This is an original building. The school was built in 1865 and originally stood beside Ballydown Presbyterian Church, near Banbridge County Down. It was dismantled and moved to the Folk Museum in 1980.
The National School system was established in 1831. It had two main aims - making most of the population literate and educating children of all religious denominations together.
The Ballydown School is typical of contemporary national schools built in this period. The building conforms to an architectural school plan published in 1858 by the Commissioners of National Education, for use by local groups in receipt of funds.
The Ballydown National School has one classroom, heated by a single fireplace. There are high positioned windows on either side of the room.
Education was regimented. Some children stood at the front of the room reciting their lessons. The rest of the class sat at their desks working at writing or arithmetic exercises.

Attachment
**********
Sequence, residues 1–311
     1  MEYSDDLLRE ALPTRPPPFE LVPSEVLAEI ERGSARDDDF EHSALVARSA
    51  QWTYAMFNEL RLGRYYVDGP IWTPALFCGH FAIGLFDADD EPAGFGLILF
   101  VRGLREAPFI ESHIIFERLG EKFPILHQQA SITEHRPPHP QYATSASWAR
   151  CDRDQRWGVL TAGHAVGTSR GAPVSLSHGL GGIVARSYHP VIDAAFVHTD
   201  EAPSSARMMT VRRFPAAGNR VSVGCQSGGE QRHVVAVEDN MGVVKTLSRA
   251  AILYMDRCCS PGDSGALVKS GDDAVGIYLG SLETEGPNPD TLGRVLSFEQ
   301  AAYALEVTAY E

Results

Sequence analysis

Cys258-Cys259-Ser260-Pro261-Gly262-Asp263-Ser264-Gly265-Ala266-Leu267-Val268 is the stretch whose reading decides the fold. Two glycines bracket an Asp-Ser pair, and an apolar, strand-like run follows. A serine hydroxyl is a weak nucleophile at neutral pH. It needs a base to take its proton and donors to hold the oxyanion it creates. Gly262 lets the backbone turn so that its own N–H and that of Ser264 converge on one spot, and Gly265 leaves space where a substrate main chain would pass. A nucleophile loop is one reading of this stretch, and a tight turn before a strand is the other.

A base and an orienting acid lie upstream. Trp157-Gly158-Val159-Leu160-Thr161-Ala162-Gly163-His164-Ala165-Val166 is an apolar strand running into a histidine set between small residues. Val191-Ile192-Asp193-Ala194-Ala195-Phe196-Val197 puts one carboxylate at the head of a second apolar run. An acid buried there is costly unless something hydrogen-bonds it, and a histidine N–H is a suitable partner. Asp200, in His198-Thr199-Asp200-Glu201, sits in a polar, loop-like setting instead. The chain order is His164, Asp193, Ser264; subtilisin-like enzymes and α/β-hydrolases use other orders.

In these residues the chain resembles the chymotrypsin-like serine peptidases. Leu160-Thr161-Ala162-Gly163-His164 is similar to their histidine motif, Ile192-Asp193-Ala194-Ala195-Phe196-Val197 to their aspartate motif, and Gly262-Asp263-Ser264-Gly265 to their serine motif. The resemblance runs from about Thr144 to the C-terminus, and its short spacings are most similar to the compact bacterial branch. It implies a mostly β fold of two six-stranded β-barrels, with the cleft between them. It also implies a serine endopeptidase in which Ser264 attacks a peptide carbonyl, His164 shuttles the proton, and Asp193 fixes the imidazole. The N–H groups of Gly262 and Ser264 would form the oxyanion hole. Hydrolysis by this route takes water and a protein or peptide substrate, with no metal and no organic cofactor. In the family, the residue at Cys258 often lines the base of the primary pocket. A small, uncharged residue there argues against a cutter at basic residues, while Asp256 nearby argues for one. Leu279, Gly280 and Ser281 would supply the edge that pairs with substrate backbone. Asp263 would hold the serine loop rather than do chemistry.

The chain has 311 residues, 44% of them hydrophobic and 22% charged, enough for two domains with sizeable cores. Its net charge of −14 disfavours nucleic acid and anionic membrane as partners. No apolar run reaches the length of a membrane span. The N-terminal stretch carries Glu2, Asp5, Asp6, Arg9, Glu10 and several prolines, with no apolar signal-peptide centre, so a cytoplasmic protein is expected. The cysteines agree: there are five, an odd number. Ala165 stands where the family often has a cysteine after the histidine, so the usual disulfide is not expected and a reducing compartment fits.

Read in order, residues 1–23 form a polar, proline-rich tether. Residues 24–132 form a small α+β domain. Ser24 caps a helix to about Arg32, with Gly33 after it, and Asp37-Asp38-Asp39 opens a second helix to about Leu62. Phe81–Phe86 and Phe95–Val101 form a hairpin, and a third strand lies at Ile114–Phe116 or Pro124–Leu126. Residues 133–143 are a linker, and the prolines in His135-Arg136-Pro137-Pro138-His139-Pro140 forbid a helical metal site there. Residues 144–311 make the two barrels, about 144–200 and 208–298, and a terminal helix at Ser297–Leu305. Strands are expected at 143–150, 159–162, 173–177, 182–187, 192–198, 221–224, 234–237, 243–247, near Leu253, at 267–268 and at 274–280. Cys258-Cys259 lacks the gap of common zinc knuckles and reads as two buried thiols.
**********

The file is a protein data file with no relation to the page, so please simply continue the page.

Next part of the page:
Discipline could be very strict with the frequent use of the cane as a punishment. However a basic education was provided free of charge for which many pupils were grateful. The school usually had between one and two teachers. Master William Thompson Gilmore was the school principal for most of the period between 1871 until 1911.
Ballydown school was built to accommodate 100 children on the rolls. The desk accommodation seems minimal for 100 pupils but it would be only on rare occasions that all 100 children would be present because of illness, truancy, duties of work and other factors.
Ballydown School closed as a school in 1939.